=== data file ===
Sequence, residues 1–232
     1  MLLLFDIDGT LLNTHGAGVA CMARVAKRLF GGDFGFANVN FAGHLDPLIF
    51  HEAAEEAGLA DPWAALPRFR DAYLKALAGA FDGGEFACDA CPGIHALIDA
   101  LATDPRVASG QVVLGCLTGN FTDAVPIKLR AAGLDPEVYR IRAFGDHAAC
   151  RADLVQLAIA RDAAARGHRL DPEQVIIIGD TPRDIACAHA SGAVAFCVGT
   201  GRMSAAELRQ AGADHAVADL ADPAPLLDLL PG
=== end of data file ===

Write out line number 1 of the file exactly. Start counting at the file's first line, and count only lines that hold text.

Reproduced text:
Sequence, residues 1–232